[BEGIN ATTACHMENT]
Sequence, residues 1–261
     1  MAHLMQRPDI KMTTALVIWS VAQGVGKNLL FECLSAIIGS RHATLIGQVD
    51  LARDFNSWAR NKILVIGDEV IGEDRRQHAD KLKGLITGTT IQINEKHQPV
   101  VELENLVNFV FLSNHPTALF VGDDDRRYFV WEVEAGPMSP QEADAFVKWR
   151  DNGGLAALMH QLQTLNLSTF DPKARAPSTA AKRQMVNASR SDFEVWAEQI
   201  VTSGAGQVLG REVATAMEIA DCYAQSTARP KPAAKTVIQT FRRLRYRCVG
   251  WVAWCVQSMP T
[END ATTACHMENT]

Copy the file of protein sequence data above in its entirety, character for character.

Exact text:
Sequence, residues 1–261
     1  MAHLMQRPDI KMTTALVIWS VAQGVGKNLL FECLSAIIGS RHATLIGQVD
    51  LARDFNSWAR NKILVIGDEV IGEDRRQHAD KLKGLITGTT IQINEKHQPV
   101  VELENLVNFV FLSNHPTALF VGDDDRRYFV WEVEAGPMSP QEADAFVKWR
   151  DNGGLAALMH QLQTLNLSTF DPKARAPSTA AKRQMVNASR SDFEVWAEQI
   201  VTSGAGQVLG REVATAMEIA DCYAQSTARP KPAAKTVIQT FRRLRYRCVG
   251  WVAWCVQSMP T